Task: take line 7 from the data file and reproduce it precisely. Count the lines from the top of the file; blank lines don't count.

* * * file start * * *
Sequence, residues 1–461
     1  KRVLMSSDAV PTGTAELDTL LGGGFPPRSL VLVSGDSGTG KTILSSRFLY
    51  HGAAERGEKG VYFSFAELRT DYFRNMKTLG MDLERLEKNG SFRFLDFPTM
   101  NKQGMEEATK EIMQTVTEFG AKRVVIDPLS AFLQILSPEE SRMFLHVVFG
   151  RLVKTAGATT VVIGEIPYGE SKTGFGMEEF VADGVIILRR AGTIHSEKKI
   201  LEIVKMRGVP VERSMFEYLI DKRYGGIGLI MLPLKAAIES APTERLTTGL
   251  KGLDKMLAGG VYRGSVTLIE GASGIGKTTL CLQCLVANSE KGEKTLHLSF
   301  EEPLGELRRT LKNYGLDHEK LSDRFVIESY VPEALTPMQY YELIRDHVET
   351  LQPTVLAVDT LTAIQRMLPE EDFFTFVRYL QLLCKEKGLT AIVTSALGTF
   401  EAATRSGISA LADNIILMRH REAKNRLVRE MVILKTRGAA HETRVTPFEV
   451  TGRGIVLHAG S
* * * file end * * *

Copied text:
   251  KGLDKMLAGG VYRGSVTLIE GASGIGKTTL CLQCLVANSE KGEKTLHLSF